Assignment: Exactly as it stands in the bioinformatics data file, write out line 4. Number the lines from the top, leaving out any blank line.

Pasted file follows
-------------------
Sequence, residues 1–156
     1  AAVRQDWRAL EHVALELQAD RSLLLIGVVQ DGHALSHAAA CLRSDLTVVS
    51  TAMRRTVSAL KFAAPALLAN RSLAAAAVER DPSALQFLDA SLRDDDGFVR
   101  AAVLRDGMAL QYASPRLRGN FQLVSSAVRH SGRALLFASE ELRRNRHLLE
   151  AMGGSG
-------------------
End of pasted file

   101  AAVLRDGMAL QYASPRLRGN FQLVSSAVRH SGRALLFASE ELRRNRHLLE